"SHOULD", "SHOULD NOT", "RECOMMENDED",  "MAY", and "OPTIONAL" in this
   document are to be interpreted as described in [RFC 2119].

2. Algorithm and Mode

   [RIPEMD-160] describes the underlying RIPEMD-160 algorithm, while
   [RFC-2104] describes the HMAC algorithm.  The HMAC algorithm provides
   a framework for inserting various hashing algorithms such as
   RIPEMD-160.

   HMAC-RIPEMD-160-96 operates on 64-byte blocks of data.  Padding
   requirements are specified in [RIPEMD-160] and are part of the
   RIPEMD-160 algorithm.  Padding bits are only necessary in computing
   the HMAC-RIPEMD-160 authenticator value and MUST NOT be included in
   the packet.

   HMAC-RIPEMD-160-96 produces a 160-bit authenticator value.  This
   160-bit value can be truncated as described in RFC2104.  For use
   with either ESP or AH, a truncated value using the first 96 bits
   MUST be supported.  Upon sending, the truncated value is stored
   within the authenticator field.  Upon receipt, the entire 160-bit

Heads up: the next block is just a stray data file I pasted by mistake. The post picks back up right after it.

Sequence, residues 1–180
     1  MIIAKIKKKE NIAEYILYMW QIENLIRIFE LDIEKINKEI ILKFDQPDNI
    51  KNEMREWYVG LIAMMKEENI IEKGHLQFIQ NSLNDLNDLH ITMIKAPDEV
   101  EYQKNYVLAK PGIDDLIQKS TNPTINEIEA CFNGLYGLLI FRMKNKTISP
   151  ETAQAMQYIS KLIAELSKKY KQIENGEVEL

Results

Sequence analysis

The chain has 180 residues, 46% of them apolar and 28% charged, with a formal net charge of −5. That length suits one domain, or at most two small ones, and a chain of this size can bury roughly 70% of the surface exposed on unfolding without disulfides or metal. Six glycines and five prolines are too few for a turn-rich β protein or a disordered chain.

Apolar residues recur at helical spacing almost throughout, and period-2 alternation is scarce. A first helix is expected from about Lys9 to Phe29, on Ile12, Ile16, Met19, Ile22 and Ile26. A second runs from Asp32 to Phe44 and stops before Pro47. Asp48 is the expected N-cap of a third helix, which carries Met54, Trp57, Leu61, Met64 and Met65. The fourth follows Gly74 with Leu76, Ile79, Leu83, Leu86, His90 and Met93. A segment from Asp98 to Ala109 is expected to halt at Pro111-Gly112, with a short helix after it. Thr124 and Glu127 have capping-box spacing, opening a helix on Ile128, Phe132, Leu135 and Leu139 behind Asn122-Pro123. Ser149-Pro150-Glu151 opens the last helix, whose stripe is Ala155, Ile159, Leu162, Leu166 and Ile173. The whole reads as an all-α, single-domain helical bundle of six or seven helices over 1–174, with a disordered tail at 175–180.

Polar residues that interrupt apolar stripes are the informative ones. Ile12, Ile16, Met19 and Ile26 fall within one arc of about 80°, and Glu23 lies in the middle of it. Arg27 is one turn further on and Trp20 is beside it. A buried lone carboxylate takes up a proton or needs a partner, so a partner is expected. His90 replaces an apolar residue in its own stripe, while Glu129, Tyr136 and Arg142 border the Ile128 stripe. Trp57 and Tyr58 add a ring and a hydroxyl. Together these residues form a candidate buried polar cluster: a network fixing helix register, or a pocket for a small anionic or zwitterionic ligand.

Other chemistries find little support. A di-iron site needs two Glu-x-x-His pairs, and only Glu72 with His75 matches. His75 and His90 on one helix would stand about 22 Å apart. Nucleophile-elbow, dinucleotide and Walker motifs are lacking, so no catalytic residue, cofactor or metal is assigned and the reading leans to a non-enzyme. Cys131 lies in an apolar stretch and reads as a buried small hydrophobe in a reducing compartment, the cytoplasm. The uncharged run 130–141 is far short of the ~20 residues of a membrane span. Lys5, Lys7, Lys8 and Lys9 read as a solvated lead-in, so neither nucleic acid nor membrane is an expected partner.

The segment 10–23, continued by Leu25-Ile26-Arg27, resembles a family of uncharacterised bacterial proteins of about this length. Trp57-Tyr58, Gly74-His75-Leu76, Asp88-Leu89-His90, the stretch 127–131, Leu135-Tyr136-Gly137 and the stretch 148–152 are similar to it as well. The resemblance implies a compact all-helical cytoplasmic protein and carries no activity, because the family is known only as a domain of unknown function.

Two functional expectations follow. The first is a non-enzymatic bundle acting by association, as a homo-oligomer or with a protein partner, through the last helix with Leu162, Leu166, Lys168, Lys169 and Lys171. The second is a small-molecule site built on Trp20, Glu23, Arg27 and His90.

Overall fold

value is computed and the first 96 bits are compared to the value
   stored in the authenticator field.  No other authenticator value
   lengths are supported by HMAC-RIPEMD-160-96.




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   The length of 96 bits was selected because it is the default
   authenticator length as specified in [AH] and meets the security
   requirements described in [RFC-2104].

2.1  Performance

   [Bellare96a] states that "(HMAC) performance is essentially that of
   the underlying hash function".  [RIPEMD-160] provides some performance
   analysis.  As of this writing no detailed performance analysis has
   been done of HMAC or HMAC combined with RIPEMD-160.

   [RFC-2104] outlines an implementation modification which can improve
   per-packet performance without affecting interoperability.

3. Keying Material

   HMAC-RIPEMD-160-96 is a secret key algorithm.  While no fixed key
   length is specified in [RFC-2104], for use with either ESP or AH a
   fixed key length of 160-bits MUST be supported.  Key lengths other
   than 160-bits SHALL NOT be supported.  A key length of 160-bits was
   chosen based on the recommendations in [RFC-2104] (i.e. key lengths
   less than the authenticator length decrease security strength and
   keys longer than the authenticator length do not significantly
   increase security strength).

   [RFC-2104] discusses requirements for key material, which includes a
   discussion on requirements for strong randomness.  A strong pseudo-
   random function MUST be used to generate the required 160-bit key.

   At the time of this writing there are no specified weak keys for use
   with HMAC.  This does not mean to imply that weak keys do not exist.
   If, at some point, a set of weak keys for HMAC are identified, the